Mitch McConnell's War of the Ages

Do the Republicans really want to offend seniors now?

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Senate Minority Leader Mitch McConnell of Ky. gestures during a news conference on Capitol Hill in Washington, Tuesday, June 4, 2013, following a Republican strategy session. Sen. Johnny Isakson, R-Ga. is at left.

In the 2012 Presidential election, one of the only bright spots for Republicans was with voters over the age of 65, whom they won with 55.6 percent of the vote. They lost the votes of women, blacks, Hispanics, Asians and youth (voters under age 44). Coming off that cycle and with a congressional approval rating hovering around 10 percent, you would think seniors would be an important group to continue to keep in their good graces as the party tries to find its footing and win elections going forward.

But, no – it appears that seniors are to be insulted and alienated as well.

Recently, we learned that, at the Conservative Political Action Conference in March, U.S. Senate Minority Leader Mitch McConnell joked that the Democrats' 2016 Presidential ticket, "is shaping up to look like a rerun of 'The Golden Girls.'" He was a clearly implying that he believes his fellow AARP-eligibles, Hillary Clinton, 65, and Joe Biden, 70, are simply too old to serve. Apparently, he hasn't taken a "selfie" recently to help him realize at 71 he is older than both of them.

[See a collection of political cartoons on Congress.]

I searched but couldn't find any evidence of McConnell launching a war on the geriatrics when the GOP nominated Ronald Reagan at 69-years old, or 73-year-old Bob Dole or 71-year old John McCain.  Perhaps McConnell is having a senior moment.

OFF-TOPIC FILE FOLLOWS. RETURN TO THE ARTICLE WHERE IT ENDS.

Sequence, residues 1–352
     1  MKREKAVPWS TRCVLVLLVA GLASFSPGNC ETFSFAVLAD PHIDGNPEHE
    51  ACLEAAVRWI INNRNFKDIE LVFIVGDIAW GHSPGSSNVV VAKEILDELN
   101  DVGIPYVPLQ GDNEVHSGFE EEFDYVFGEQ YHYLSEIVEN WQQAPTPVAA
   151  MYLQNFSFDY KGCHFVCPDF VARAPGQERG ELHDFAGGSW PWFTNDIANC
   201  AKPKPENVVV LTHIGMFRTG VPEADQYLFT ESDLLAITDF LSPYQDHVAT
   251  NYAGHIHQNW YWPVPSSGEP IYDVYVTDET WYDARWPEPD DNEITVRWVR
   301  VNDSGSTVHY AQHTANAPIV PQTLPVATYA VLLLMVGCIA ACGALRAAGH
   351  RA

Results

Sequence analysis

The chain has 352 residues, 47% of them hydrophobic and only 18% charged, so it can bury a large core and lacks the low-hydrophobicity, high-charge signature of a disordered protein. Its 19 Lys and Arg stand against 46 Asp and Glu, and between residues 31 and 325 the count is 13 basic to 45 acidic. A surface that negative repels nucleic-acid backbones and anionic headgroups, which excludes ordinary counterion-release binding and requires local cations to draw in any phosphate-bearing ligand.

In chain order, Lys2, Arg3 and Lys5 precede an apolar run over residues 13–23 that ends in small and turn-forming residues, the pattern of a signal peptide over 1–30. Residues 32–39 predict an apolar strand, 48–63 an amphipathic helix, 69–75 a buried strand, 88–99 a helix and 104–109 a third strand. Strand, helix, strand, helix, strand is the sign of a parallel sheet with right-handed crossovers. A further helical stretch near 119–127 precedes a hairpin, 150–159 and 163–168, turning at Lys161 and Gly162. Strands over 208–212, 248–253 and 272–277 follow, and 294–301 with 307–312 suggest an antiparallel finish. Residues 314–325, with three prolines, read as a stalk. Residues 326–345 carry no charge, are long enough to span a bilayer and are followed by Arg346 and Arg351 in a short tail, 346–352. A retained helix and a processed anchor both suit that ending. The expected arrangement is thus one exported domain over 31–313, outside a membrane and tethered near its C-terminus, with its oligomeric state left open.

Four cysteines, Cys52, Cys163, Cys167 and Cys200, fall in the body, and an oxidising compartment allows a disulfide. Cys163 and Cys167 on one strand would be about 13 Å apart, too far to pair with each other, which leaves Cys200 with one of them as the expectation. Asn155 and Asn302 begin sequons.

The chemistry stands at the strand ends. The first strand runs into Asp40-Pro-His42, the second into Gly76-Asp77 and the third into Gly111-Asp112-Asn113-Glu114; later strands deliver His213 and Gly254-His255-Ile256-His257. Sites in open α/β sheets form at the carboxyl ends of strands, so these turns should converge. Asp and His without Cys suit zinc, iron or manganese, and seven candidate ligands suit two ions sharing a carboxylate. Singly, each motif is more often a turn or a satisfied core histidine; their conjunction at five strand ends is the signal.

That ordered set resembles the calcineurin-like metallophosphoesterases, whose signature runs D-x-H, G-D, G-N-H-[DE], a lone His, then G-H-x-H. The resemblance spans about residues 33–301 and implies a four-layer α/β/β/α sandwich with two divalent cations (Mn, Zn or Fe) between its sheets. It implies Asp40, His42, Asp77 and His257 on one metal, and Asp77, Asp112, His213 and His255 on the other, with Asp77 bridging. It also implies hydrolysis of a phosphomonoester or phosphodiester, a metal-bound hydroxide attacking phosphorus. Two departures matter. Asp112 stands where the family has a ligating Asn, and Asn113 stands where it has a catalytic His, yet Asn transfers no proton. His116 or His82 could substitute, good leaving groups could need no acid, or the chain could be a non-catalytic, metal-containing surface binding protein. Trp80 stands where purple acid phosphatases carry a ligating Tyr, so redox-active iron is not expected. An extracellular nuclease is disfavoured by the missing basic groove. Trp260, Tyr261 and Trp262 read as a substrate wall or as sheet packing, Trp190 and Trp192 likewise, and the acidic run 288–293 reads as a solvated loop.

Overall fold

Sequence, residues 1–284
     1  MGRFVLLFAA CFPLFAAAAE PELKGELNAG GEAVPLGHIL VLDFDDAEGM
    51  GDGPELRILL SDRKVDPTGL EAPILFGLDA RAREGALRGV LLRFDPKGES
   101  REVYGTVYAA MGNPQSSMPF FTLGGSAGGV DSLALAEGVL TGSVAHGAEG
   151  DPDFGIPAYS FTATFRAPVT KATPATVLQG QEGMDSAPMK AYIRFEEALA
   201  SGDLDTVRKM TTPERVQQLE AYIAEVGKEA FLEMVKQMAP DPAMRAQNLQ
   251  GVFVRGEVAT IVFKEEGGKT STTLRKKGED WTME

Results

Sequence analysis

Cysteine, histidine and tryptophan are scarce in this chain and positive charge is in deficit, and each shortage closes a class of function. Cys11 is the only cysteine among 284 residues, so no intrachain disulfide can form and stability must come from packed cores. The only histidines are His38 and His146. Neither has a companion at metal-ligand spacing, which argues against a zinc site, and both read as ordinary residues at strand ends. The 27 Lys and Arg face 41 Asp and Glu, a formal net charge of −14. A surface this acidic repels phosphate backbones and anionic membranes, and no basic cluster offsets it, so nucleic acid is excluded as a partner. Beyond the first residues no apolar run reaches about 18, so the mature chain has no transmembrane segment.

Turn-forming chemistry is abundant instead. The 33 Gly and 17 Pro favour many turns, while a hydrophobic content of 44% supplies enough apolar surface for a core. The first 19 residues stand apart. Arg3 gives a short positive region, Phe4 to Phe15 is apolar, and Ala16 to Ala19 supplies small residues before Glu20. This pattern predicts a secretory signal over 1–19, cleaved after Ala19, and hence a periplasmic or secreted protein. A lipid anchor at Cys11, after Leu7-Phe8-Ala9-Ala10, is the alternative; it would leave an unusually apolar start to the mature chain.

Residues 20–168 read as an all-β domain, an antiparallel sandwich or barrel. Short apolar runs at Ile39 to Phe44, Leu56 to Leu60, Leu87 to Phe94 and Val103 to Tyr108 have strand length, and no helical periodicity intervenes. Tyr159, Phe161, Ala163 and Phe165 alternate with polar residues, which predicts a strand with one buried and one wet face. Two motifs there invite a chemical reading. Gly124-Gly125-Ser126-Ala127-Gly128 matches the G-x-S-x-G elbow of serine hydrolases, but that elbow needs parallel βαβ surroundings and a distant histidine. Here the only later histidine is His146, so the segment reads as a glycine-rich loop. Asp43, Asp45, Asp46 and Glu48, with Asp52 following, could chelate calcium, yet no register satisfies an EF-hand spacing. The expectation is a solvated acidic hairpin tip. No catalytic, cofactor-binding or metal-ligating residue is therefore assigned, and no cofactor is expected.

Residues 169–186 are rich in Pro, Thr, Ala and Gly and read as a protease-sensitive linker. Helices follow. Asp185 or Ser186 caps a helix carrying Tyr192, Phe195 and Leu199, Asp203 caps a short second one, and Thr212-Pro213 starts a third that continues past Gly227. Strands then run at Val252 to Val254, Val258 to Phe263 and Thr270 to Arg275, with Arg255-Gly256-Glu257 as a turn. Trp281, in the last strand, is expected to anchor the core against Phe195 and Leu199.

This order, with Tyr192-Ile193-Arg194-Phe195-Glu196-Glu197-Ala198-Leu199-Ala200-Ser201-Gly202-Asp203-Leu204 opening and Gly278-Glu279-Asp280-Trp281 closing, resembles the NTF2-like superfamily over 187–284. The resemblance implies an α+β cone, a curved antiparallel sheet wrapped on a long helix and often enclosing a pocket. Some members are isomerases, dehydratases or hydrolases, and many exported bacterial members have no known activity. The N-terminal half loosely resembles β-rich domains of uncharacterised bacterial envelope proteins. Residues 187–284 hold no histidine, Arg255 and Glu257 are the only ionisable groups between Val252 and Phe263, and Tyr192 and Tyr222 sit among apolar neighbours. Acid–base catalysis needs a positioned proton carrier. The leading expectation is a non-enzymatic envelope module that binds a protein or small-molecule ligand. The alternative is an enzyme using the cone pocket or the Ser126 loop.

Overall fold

Recently in the Massachusetts Senate race, age was used as a lighting-rod issue, as 47-year old Republican nominee Gabriel Gomez repeatedly referred to his 66 year-old opponent Ed Markey as "tired," "washed up" and the "poster boy for term limits." But, the strategy backfired and Gomez was soundly defeated.

Now, in a pot- meet- kettle moment, McConnell is going to face a "battle of the ages" of his own as Kentucky's Secretary of State, Democrat Alison Lundergan Grimes, 34, announced her candidacy to challenge his re-election bid. Presumably, one would be safe to assume that McConnell will now flip-flop his rhetoric and make youth a liability and not an asset. It certainly makes you wonder, after offending all constituents, will there be anyone to vote?

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